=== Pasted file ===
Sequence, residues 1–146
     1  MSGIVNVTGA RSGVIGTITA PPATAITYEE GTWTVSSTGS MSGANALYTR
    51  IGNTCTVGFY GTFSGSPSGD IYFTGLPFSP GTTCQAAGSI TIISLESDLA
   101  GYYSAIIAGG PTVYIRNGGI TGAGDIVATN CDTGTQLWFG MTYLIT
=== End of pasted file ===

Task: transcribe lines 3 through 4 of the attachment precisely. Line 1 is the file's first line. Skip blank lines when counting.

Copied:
    51  IGNTCTVGFY GTFSGSPSGD IYFTGLPFSP GTTCQAAGSI TIISLESDLA
   101  GYYSAIIAGG PTVYIRNGGI TGAGDIVATN CDTGTQLWFG MTYLIT